Snelson Companies, Inc. – a PLH Group company – delivers pipeline and gas distribution services with an unmatched experience and safety record.
PLH Group and its electric power and pipeline business units follow strict processes, policies, and guidelines to adhere to and surpass required safety measures. However, they don’t do this just to follow the rules. They do it to make sure everyone throughout the jobsite returns home safely at the end of each shift.
PLH Group prioritizes safety as a leading value of its culture, giving employees the power and responsibility to look out for one another.
Having an entire workforce looking out for each other enhances jobsite safety during even the most critical tasks, like trenching and excavation.
Trenching and excavation work is routinely performed by the power line and pipeline experts at PLH Group.
From pipeline installation, maintenance, and repair to power line substation construction excavation efforts, dirt moving and digging is a necessary aspect of PLH Group’s energy construction services.
It’s not enough for PLH Group to give its workers a set of safety rules to follow when doing this important trenching and excavation work. Instead, the organization promotes a hands-on approach to safety, encouraging all employees to be actively involved in the safety of one another.
PLH Group’s R.B. Hinkle Construction, Inc. safely provides trenching and excavation work with their underground utility, gas distribution, streetlight installation, directional drilling, and storm response services.
In fact, diligence to trench safety is so critical that National Utility Contractors Association (NUCA) declared June Trench Safety Month, with an encouraged Trench Safety Stand Down observation the week of June 14-18. During this week, workforces throughout the nation – including PLH Group business units – are encouraged to discuss trenching and excavation safety considerations, including:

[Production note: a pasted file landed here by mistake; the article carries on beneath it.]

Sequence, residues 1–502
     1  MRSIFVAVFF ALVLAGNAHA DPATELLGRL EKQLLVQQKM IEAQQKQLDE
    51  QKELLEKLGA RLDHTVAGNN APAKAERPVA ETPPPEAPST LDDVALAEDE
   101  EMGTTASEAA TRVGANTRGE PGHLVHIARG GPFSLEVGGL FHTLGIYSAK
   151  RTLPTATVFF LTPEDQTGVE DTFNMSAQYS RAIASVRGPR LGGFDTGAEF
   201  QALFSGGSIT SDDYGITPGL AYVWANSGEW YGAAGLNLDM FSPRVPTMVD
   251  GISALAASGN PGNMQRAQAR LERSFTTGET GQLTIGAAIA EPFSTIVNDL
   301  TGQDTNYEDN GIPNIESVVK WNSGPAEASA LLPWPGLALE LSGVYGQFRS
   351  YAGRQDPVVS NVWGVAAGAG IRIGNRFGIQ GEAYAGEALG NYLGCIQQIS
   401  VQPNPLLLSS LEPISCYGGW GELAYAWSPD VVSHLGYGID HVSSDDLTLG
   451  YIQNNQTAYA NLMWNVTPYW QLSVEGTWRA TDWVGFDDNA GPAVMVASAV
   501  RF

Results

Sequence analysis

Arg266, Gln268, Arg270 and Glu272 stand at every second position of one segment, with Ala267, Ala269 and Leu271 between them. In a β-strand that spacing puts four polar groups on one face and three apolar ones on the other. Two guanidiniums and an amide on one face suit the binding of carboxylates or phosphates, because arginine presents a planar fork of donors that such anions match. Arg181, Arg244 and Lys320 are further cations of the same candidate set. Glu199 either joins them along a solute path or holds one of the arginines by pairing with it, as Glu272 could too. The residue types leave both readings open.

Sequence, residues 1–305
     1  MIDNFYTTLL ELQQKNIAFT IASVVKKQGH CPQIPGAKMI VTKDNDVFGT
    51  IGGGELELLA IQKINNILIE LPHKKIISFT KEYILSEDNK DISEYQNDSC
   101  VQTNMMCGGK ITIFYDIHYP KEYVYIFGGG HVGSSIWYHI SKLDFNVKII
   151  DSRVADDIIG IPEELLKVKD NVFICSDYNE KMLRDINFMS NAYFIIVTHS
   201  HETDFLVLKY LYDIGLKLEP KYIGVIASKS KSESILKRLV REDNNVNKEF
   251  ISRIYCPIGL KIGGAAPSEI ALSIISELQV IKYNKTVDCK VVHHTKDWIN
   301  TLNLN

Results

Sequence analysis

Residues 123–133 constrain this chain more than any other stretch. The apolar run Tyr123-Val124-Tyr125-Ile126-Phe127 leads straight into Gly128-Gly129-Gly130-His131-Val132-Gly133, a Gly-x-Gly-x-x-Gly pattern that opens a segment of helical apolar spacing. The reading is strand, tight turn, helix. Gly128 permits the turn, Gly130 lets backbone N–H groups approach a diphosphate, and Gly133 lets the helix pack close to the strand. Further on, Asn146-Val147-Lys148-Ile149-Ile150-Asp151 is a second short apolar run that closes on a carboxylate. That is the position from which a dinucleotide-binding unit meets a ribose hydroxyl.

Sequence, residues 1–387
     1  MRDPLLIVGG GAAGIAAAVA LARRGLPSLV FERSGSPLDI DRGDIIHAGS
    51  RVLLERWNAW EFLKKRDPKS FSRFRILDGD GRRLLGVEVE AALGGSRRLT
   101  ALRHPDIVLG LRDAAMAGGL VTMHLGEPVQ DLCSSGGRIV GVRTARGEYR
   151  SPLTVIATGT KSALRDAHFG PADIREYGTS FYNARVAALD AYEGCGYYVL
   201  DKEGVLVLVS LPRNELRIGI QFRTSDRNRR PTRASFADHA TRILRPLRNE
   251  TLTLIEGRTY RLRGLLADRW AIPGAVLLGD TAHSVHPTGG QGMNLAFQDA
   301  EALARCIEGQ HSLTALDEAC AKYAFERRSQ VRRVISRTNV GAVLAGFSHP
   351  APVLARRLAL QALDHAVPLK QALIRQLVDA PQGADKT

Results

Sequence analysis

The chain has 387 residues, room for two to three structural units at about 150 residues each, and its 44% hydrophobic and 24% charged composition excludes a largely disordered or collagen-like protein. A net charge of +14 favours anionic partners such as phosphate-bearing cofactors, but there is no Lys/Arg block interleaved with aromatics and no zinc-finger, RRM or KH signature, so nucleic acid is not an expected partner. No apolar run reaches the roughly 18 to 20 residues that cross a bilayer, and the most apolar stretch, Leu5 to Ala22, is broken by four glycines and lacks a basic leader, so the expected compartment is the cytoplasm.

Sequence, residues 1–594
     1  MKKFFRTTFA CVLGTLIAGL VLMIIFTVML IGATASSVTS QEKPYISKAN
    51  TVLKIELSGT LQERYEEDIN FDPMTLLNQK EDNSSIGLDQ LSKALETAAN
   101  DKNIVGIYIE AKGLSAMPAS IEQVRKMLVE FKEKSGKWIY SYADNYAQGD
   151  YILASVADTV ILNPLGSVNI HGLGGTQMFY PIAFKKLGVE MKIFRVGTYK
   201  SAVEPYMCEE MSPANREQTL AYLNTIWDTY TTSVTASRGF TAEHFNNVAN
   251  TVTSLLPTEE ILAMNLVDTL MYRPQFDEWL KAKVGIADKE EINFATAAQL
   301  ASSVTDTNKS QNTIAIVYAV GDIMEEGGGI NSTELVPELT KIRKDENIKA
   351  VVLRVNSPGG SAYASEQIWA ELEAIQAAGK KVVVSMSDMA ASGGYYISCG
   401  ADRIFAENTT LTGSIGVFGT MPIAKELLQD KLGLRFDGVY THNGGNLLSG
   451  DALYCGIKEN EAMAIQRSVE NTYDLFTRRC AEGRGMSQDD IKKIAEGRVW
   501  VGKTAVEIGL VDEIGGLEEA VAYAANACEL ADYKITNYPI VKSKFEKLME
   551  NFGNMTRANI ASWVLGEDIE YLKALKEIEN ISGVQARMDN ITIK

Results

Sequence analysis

Planning the excavation. Identifying risks – such as water accumulation – and performing a hazard analysis prior to digging ensures that threats to worker safety are appropriately mitigated prior to the start of work.
Knowing what’s underground. Calling 8-1-1, the national dig number, prior to digging ensures underground utility lines are not damaged during an excavation.
Installing trench safety measures. Protective systems, like OSHA’s “Slope it. Shore it. Shield it.” concept, prevent collapses and cave-ins that could lead to worker injuries or fatalities.
Ensuring safe entry and egress. Be sure to provide workers with a safe way into and out of the trench.
Securing the trench. Post signage, caution tape, or other indicators to ensure the trench is secured from people and materials.
Inspecting the trench. The trench and surrounding areas must be inspected by a competent person prior to the start of work and after any natural events.
The next time you find yourself in a trench or working in a potentially hazardous situation, remember that company safety policies and proper personal protective equipment (PPE) do not make a safety culture. Instead, successful jobsite safety is a continual commitment from all employees, subcontractors, and visitors to ensure everyone returns home safely at the end of each shift.